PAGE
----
Many hospitals and clinics are financing their patients by allowing a gradual payment of the full balance due. Ideally, this should be done via a secure, automated tool that does not require continual staff monitoring for regular payments to occur. Organizations also spread out the statements for monthly ‘promise to pay’. No matter your approach, have you considered the possible upside to charging a payment plan fee?
Credit card companies are known for fees being charged when the full balance is not paid. Consumers are accustomed to this. What is stopping you from adding interest or a service fee for patients that enroll in a payment plan with your organization? That fee does not need to be high. It could be based upon a small percentage of the full balance (thus creating a new, higher balance), or it could be a flat fee.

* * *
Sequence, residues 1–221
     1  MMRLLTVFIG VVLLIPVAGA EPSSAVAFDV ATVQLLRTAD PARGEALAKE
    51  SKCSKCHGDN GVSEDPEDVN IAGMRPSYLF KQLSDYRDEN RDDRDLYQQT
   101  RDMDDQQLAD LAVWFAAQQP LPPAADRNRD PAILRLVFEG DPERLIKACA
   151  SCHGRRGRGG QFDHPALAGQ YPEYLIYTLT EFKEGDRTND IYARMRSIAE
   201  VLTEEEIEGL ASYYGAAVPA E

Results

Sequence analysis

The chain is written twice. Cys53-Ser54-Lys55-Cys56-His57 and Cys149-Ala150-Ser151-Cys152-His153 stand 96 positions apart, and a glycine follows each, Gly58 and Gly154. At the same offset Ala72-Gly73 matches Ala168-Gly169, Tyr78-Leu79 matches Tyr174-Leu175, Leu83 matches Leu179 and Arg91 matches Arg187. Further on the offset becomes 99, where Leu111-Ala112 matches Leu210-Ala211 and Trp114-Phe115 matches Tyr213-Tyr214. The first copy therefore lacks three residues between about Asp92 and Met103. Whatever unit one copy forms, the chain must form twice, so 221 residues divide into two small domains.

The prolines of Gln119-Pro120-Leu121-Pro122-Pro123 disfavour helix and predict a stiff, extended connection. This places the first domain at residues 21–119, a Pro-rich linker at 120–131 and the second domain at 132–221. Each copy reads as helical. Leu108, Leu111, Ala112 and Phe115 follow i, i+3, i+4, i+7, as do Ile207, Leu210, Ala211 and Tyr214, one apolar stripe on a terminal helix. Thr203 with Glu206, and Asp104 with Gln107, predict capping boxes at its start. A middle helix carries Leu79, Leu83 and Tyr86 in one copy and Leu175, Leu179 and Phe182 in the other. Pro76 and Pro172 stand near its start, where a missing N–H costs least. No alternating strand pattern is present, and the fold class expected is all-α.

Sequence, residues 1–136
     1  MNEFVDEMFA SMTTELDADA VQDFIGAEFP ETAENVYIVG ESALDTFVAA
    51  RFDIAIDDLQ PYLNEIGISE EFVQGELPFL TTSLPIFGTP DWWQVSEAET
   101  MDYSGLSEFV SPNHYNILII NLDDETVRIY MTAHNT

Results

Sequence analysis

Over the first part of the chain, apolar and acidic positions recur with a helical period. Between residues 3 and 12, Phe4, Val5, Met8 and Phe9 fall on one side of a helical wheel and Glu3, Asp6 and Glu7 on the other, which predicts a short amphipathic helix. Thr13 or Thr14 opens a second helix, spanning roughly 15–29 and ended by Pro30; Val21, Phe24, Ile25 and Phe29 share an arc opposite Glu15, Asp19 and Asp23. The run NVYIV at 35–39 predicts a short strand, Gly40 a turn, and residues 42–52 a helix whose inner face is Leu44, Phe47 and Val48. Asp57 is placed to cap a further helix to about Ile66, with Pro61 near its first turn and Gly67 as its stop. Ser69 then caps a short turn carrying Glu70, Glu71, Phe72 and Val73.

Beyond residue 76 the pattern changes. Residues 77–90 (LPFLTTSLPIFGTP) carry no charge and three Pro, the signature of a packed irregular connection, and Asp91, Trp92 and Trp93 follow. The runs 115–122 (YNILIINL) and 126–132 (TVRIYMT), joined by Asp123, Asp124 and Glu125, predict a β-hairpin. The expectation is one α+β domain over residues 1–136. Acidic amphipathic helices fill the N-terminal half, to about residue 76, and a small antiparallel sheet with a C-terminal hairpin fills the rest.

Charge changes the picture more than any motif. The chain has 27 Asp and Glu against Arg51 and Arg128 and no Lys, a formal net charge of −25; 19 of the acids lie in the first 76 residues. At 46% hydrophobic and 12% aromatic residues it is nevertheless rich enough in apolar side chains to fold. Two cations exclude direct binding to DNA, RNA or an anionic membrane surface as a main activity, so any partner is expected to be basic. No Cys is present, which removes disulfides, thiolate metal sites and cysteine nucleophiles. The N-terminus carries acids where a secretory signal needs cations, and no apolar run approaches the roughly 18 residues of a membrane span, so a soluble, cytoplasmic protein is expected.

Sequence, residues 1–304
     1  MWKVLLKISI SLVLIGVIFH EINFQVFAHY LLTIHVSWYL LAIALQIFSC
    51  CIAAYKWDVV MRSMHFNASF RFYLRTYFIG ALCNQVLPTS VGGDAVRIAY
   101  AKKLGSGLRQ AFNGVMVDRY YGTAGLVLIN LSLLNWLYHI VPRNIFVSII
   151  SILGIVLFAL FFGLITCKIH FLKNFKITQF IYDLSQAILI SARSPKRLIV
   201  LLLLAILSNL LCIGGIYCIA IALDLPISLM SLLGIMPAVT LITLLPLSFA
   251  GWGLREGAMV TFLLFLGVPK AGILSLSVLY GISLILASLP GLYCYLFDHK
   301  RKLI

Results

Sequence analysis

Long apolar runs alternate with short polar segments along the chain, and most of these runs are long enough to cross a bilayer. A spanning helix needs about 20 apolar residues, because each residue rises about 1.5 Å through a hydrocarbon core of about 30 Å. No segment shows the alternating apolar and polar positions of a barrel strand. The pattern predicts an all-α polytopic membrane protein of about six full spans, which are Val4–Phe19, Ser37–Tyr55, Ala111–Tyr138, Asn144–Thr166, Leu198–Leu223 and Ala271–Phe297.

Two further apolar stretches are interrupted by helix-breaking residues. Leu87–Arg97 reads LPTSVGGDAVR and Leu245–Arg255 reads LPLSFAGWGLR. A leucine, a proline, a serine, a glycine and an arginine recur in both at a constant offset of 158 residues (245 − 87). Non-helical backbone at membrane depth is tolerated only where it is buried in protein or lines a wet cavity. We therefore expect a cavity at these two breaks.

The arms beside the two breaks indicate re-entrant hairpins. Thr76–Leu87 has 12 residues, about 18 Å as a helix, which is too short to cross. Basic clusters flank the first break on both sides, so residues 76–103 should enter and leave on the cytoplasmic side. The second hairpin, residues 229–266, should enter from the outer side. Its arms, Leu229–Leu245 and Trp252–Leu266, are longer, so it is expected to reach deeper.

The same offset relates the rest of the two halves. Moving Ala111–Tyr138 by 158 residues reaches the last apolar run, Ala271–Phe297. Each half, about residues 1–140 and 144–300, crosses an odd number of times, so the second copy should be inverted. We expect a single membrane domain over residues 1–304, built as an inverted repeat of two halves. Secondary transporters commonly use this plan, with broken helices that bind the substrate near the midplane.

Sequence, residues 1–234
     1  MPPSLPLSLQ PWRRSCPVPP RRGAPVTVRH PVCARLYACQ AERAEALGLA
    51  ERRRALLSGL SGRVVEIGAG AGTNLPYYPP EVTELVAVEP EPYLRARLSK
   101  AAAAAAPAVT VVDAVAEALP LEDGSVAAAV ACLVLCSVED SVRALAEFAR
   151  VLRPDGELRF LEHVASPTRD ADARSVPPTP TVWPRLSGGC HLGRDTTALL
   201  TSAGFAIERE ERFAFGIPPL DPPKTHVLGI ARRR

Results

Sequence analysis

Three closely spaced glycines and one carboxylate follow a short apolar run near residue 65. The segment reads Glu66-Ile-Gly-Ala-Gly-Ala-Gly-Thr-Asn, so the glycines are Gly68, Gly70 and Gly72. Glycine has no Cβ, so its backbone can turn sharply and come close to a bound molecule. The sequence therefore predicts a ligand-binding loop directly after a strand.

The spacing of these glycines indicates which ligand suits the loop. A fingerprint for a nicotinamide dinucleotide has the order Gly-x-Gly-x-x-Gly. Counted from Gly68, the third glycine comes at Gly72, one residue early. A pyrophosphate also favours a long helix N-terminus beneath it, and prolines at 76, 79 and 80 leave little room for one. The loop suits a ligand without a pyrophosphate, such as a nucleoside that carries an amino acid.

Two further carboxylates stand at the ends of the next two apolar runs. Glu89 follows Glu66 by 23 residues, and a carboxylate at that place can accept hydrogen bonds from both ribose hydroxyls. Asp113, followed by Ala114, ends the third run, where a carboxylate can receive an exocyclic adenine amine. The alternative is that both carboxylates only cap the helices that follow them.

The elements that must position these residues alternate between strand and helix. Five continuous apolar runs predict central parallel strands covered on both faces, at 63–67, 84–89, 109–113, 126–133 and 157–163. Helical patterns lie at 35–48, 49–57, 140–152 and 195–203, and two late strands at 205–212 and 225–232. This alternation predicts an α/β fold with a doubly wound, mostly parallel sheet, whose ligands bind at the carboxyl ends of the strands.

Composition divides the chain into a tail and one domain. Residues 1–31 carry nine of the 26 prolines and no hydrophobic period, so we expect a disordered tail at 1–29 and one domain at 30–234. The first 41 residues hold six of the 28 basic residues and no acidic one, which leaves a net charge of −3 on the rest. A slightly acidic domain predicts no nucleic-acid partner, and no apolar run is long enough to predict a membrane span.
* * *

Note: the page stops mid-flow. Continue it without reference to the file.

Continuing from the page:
Either way, once you indicate there is a fee associated with the payment plan, it may cause the patient to simply pay the balance in full. Or if the patient proceeds with a payment plan, that fee can help offset the temporary lost revenue and extra time needed to collect the amount due.
If your organization charges a payment plan fee, please share your comments below about how you have successfully implemented patient payment plans and pitfalls to avoid.